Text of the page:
I removed the rung from the other side of the chair to determine the length my piece needed to be. I then glued and installed the rungs back into the chair while using strap clamps to hold everything tight while the glue dried.

The seat needed to be reglued a bit as well so some glue and clamps did the trick. When everything was dry, the stool was sturdy as a rock.

I thought Anita might have painted the stool, but she decided to keep it natural. She didn’t even stain the new rung dark to match the other rungs. The stool looks nice as a plant stand and for $5.00, I’m not complaining.

Shelf Support Brackets

The past few weeks I’ve been building a display cabinet for my wife out of ash. Things have been going well with the build and when it came to adding a way to hold the adjustable shelves, I wanted to use an old method that I’ve seen numerous times on antique furniture.

It starts with a couple of pieces of 1 1/2″ wide wood laying out 1″ diamter holes down the middle. The holes are 3″ apart on center. I taped the two pieces together so that when the holes are bored, the pieces mirror eachother.

I then ripped the pieces apart in the middle giving me four brackets that are similar to one another. I then installed each piece in the corner of the cabinet with glue and a few 23 gauge pins. This gives me perfect alignment when I install the shelf brackets.

The brackets are nothing more than a 1″ wide ash with a roundover on each end. I decide to add another 1″ piece of wood onto the stretcher. This gives me the opportunity to adjust the height of the shelf inside the cabinet by one inch. It’s helpful if the shelf needs to be a little bit higher, but I don’t want to move the stretcher three inches to the next notch.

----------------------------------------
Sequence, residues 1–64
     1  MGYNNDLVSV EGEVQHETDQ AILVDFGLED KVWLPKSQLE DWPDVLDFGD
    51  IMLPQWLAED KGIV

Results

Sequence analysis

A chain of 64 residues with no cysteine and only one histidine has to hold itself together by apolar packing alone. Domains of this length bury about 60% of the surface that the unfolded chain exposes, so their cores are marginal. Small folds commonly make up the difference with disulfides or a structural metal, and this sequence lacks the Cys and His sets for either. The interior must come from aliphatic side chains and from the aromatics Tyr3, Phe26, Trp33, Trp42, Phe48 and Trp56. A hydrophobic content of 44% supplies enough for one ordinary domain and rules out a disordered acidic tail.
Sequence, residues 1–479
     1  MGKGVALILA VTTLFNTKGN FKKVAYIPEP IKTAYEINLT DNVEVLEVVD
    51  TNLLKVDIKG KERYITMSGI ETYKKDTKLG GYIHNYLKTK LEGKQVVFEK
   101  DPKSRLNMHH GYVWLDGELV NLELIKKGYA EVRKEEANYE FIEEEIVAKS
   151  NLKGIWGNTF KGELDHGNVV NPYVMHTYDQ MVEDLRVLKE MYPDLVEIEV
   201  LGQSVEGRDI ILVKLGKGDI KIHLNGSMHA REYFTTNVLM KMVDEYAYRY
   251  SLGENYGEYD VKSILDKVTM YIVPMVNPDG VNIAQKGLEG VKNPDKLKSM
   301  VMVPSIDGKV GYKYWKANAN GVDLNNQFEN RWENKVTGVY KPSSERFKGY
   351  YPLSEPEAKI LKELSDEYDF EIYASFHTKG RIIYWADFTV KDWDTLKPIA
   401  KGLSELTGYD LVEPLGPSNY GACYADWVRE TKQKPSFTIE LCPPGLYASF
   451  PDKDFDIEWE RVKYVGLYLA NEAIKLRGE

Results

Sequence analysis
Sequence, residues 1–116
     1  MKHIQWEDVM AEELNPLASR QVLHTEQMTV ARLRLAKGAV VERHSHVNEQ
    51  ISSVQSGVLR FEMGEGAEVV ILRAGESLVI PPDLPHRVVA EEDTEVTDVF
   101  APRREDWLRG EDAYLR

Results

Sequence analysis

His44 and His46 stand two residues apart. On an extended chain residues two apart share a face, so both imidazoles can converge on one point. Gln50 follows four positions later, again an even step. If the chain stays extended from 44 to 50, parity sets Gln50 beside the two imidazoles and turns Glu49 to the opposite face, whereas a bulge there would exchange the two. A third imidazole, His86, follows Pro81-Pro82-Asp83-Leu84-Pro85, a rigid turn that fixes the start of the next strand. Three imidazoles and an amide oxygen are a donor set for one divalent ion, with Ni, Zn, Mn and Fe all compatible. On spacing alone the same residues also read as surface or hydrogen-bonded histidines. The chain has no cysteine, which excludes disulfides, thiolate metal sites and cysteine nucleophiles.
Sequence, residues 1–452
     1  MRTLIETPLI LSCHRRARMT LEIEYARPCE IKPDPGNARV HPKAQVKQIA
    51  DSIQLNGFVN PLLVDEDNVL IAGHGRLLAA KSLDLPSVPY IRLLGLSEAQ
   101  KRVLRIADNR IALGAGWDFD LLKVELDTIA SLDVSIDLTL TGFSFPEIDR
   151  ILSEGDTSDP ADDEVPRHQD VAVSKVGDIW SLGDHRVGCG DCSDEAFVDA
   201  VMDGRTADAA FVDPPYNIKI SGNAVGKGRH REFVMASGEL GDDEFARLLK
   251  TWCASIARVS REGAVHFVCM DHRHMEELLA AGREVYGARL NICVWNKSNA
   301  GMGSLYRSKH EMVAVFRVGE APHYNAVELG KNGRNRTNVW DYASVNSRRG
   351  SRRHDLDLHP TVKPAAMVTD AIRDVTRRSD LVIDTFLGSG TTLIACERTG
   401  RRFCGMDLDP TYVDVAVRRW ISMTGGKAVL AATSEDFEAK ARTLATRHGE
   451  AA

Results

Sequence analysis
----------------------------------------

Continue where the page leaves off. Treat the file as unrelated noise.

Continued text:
Overall, I love the look of the wooden shelf dividers. I’ve done the 1/4″ holes drilled up and down the sides with brass pins for years and was never a big fan of them. To me, this looks a bit more authentic.

World’s Longest Yard Sale 2021

Last week, my wife and I spent the days traveling up and down US127 for the World’s Longest Yard Sale. It’s something we’ve down for the past seven or eight years and we have an absolute blast doing it. We get up at 4:30am and drive 150 miles to start our day in a different part of the country to see what we can find. After 1200 miles in my truck and five days of picking, this is what I came home with.

As much fun it isto pick, it’s frustrating that I can’t find as many Stanley Bailey planes that I used to. Even nice planes that are out of my budget were few and far between.

I was able to find a couple of good deals on miter boxes. One is my favorite Stanley No 150. It’s great little miter box for cutting wood that too small to cut with a powered miter saw. The other is a Miller’s Falls No 70 miter box along with a Disston saw. Both will take some time to restore but I’ll eventually get it done.

I also picked up a blacksmith post vise. The price was too good to pass up. The jaws are a touch small at 3 1/2″ wide but it’s a perfect size for a woodworker who needs to do a little metal working from time to time.

The other things I picked up were some large jaw Bessey clamps for $8.00 each. (I couldn’t whip out my wallet fast enough). Then, I found some old Fine Woodworking magazines and old testbook for a few bucks. One thing that’s great about woodworking is that the old books and magazines are still relevant because wood is wood and steal is steal. Been that way for thousands of years and it’ll be that way for a thousand more.

Overall, I’m happy with my purchases, I’m just getting a litttle nervous about not finding any decent tools on the yard sale anymore. I know damn well I haven’t bought them all.